Gov. Chris Gregoire (D) announced Wednesday that she will put forward legislation on Monday that would legalize gay marriage in Washington, saying that "it's time, it's the right thing to do, and I will introduce a bill to do it."
Washington may be the latest state to push for gay marriage, but in other states gay rights advocates have already been pursuing marriage equality for some time, in efforts that will likely culminate sometime in 2012.
So where are the biggest battlegrounds?
- Last September, North Carolina's legislature approved a ballot amendment that will let voters decide in the May primary whether to ban same-sex marriage in the state's Constitution.
- Minnesota has its own vote on a constitutional ban coming up in November, though, like North Carolina, gay marriage is still not legal in the state.
- Maryland is looking to duplicate the success of New York's marriage equality legislation, after its own bill stalled before the end of the last legislative session. The bill initially got through the state Senate, but supporters in the House of Delegates pulled it when they realized they didn't have the votes to get it passed. Maryland's bill has since picked up some momentum, thanks to New York's marriage equality law and the decision by Gov. Martin O'Malley (D) to throw his weight behind it.
- In Maine, proponents of gay marriage have collected enough signatures -- over 100,000 -- to get a measure on the November ballot that would legalize gay marriage. But they won't decide whether they will actually put the measure on the ballot until they can gauge whether there is enough support for it to pass. The state has gone back-and-forth about marriage equality since 2009, when voters overturned a state law that legalized gay marriage.
- New Hampshire has the opposite problem, with state legislators planning to convene in the next few weeks about legislation that would repeal the state's existing marriage equality law. Members of the state House will likely take up the legislation shortly after the presidential primary on January 10. "This vote has national ramifications. If we're able to restore traditional marriage here, it will be the only time anywhere ever that a legislature has reversed its position," Republican state Rep. David Bates, who proposed the repeal bill, told the Telegraph.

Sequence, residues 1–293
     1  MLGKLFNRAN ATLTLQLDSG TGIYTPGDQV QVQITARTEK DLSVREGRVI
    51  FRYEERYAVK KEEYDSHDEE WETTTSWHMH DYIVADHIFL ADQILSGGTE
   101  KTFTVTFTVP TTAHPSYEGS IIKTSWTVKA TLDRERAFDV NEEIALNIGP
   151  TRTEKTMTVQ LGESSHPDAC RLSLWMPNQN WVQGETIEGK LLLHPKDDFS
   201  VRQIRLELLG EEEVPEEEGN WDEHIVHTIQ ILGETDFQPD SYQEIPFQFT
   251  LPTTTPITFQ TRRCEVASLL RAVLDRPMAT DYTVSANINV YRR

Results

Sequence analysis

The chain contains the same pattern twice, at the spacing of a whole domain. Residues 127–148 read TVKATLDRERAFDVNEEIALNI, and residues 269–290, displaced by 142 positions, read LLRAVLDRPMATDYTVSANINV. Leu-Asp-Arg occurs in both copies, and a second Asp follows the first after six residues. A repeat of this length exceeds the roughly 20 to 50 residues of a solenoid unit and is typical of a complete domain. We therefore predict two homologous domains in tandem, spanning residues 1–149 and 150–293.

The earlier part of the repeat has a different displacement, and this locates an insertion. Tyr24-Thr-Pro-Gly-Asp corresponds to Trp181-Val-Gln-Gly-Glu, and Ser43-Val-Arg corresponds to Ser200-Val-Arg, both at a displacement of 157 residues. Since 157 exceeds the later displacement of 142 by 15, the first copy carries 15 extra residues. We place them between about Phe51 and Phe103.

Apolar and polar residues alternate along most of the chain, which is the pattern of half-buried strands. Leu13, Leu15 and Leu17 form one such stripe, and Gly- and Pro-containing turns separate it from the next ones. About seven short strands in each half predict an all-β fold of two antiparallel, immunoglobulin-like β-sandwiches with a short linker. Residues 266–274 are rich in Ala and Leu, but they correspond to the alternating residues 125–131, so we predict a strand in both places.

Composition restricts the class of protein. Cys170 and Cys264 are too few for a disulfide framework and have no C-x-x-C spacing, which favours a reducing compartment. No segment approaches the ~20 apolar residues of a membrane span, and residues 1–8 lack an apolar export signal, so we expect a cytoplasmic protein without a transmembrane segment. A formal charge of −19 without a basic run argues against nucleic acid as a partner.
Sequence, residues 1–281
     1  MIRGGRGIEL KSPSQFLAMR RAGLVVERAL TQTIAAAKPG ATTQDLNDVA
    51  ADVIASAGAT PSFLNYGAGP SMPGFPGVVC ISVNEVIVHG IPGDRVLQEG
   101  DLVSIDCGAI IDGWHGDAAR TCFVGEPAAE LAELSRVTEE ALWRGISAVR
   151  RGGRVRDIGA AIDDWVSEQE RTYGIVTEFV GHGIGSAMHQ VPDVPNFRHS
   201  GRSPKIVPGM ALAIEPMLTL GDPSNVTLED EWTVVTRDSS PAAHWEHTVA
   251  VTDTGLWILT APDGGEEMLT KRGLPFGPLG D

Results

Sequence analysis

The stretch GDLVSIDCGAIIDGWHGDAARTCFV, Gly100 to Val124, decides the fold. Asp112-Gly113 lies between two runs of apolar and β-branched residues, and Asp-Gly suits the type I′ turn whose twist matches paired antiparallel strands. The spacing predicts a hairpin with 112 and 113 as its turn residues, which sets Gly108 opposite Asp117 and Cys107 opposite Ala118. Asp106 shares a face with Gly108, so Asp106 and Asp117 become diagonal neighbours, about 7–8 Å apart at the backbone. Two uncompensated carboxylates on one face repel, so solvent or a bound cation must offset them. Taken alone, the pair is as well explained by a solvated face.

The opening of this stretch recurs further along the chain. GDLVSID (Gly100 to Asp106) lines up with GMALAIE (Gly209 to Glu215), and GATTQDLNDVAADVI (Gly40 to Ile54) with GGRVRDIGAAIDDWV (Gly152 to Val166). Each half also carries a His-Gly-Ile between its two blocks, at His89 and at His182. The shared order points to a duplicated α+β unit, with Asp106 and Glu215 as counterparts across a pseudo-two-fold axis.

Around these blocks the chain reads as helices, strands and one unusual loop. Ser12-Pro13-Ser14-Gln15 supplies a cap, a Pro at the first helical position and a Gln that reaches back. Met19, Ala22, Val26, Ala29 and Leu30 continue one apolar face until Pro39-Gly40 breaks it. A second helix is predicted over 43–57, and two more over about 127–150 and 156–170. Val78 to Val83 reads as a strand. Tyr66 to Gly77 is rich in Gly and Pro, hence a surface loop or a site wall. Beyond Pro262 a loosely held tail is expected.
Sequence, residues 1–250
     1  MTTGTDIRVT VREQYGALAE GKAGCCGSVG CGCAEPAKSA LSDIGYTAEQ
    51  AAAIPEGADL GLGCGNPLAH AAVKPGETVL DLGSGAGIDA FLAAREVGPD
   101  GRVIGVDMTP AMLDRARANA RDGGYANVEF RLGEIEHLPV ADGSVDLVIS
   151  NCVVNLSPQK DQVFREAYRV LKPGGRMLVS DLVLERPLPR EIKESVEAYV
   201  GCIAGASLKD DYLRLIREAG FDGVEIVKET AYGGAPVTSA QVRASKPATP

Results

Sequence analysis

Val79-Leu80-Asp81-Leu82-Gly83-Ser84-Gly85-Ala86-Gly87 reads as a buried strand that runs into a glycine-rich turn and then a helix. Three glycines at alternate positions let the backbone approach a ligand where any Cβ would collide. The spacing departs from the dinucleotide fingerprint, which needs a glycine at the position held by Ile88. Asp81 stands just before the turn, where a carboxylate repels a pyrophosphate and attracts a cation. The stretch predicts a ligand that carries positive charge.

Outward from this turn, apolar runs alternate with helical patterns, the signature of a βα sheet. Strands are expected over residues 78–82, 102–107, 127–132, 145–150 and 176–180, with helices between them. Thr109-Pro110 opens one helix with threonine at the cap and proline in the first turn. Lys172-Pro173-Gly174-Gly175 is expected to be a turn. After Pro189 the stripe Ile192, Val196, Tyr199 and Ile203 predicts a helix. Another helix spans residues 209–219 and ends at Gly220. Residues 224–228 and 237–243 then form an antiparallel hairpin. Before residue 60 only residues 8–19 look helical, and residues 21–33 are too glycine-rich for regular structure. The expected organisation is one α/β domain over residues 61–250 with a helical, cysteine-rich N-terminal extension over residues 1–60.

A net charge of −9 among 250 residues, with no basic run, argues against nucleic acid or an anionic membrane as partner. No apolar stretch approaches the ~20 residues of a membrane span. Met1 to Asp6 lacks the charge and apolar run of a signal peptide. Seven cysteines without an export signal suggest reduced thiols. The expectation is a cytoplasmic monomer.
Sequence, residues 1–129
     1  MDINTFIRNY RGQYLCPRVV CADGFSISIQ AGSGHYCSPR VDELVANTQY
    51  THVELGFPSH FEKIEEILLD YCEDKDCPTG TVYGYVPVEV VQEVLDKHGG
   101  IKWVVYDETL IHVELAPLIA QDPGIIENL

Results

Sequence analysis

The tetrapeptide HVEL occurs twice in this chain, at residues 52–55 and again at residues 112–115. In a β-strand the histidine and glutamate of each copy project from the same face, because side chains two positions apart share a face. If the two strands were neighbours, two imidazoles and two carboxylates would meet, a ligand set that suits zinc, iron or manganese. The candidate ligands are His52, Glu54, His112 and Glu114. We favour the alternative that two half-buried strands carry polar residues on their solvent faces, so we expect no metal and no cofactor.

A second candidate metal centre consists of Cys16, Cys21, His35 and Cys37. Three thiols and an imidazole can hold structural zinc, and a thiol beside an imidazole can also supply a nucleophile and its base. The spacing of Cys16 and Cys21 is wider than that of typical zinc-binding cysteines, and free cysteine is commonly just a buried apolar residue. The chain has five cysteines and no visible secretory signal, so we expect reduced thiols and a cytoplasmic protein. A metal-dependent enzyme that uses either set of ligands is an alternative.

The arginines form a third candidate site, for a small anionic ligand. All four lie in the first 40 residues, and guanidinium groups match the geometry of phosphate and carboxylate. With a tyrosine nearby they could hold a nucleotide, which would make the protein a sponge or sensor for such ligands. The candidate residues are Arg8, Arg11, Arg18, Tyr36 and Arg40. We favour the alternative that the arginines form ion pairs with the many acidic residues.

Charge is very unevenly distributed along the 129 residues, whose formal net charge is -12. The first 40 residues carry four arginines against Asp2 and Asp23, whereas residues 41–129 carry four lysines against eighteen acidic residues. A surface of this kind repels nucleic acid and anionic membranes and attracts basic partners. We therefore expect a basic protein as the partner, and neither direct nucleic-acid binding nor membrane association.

- Despite its successful marriage equality law passed in 2011 -- and a reported 14% uptick in the number of marriage licenses issued by the state thanks to gay marriages -- the fight in New York isn't completely over.
Tami Fitzgerald, Executive Director of NC Values Coalition (which includes groups like the Christian Action League and the National Organization for Marriage (NOM)), explained in a statement that "the marriage amendment ensures that voters and not activist judges will decide the definition of marriage in our state. Marriage as the union of one man and one woman has served North Carolina well since before we were a state, and it's time we respected the institution of marriage enough to protect it in our state constitution."
Gia Vitali, the deputy campaign manager for Minnesotans United for All Families, told TPM they have over 120 organizations that are working on an "aggressive grassroots organizing campaign" against the the amendment, including phone banks, TV and radio ads, and even house parties. She said that though the polls show Minnesotans are divided about banning gay marriage, "no poll this early on can predict defeat or victory."